In any service-based industry, reputation is everything, and it definitely holds true for business management consultants. Maintaining positive relationships with clients lead to calmer workdays and higher levels of productivity. It can be the very foundation on which your consulting practice rests.
To do that, however, requires skill and strategies. Allow us to expand.
The psychology behind managing client expectations
The best way for a consultant or a consulting firm to differentiate itself in a competitive market is by offering exceptional customer service to its clients.
To do this right, it is essential to understand the emotions and behaviours of your audience. Doing so will allow you to adjust your customer service strategy accordingly and help you build stronger relationships with customers when you know their fears, pain points, and goals.
Customer satisfaction leads to repeat customers – an essential aspect of having a sustained business. Additionally, it also sets you apart from your competition and create a mark for yourself in an industry flooded with business management consultants in similar roles such as yours. And not to forget, it paves the path for building a good reputation, and there is nothing more substantial and fundamental than reputation to help your business soar to success for sustained periods of time.
5 ways to manage client expectations as business management consultants
While there are no set tips and tricks that’ll help you always keep your clients happy, there are definitely some fool-proof ways to increase client retention and improve satisfaction by meeting expectations without compromising on your values and methodologies.
1. Ensure you have the right audience
This is perhaps the most basic and essential aspect of having satisfied clients: having the right clients. This starts by knowing who your ideal client is, which requires you to go beyond basic demographic information like age, gender, and location – dig deeper to learn about their needs, interests, and factors that influence their buying decisions.
This can be done by conducting market research that extends in scope by asking questions such as:
- What encourages a customer to indulge in repeat purchases?
- Which customer segments tend to become long-term, loyal customers?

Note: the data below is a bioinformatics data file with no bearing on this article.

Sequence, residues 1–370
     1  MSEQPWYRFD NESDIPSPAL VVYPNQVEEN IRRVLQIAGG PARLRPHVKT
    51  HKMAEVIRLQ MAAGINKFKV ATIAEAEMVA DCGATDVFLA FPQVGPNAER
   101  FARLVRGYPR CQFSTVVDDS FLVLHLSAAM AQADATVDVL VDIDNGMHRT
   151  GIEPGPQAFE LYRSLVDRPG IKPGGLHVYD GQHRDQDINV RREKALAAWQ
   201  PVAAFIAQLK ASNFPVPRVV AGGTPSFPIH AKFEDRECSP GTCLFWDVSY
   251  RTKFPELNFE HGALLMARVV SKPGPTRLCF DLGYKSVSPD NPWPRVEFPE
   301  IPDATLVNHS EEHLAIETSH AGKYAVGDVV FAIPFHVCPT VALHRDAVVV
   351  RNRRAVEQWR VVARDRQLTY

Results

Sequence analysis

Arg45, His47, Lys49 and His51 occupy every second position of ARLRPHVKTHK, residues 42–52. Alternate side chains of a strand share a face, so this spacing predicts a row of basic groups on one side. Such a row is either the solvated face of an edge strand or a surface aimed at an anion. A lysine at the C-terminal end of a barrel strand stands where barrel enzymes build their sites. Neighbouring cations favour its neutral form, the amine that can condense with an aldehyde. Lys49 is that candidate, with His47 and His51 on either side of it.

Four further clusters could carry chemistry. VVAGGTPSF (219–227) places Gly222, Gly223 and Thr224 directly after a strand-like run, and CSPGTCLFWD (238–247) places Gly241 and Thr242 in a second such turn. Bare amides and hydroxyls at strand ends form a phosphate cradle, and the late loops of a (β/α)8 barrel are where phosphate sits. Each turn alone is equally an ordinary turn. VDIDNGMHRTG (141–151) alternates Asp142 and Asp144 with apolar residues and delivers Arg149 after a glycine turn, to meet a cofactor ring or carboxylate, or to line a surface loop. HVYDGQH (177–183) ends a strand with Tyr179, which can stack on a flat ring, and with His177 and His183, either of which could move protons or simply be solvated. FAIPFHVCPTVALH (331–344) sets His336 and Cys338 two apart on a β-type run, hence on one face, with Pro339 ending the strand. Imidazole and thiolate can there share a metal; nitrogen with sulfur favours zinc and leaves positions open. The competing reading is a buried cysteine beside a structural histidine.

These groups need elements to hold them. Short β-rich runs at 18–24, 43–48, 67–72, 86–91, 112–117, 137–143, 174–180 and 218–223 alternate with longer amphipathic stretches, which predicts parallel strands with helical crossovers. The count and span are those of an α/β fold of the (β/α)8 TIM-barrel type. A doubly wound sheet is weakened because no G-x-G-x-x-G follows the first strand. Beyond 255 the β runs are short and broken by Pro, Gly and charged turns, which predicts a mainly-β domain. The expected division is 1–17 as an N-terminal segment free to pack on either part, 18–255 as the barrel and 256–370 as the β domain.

- How can you identify an unhappy customer at the earliest?
The answers to these questions will help you paint a more accurate picture of who you should be focusing on with your marketing and customer retention efforts.
This way, you can avoid taking on projects and working with clients that don’t fit your expertise. If you find prospects who seem unsure of what they want out of working with you, it might be a red flag, because no matter how hard you work for their project, it’ll never be good enough, thus setting you up for failure. Take time to get to know the client and what they need so that you can understand what exactly you need to do to help them. Don’t settle for vague or unaligned projects and clients.
2. Set clearly defined goals & boundaries
Taking a leaf from the above point, ensure you’re headed down the right path by coming from a place of maximum clarity. You can’t manage expectations without establishing what the project’s end goals are.
Managing client expectations becomes so much easier when you set clear objectives, realistic goals, and boundaries. You and your client should share the same end goal before the project kicks off. This gets you working towards the same aim and means that if last-ditch changes are requested, you can redirect the client towards the original objective.
Avoid falling into the trap of saying ‘yes’ to everything the clients ask for. It is perfectly normal for your conversations to end with you letting the client know that the deadline is not feasible or the task outside of your scope of work. As tempting as it can be to say ‘yes’ to everything your client wants, you need to be careful that unrealistic expectations don’t start creeping in. It’s OK to say ‘no’, but always follow up your ‘no’ with an explanation and another suggestion that will help them.
Another tip: let your client be aware of the ways in which you or your company works. Especially if you have a team, make sure they know who in your team does what. For instance, if you have a hard no to working on weekends, let your client know from the get-go and set that boundary, so that they can work around that setup, leaving little scope for them to be disappointed or disheartened.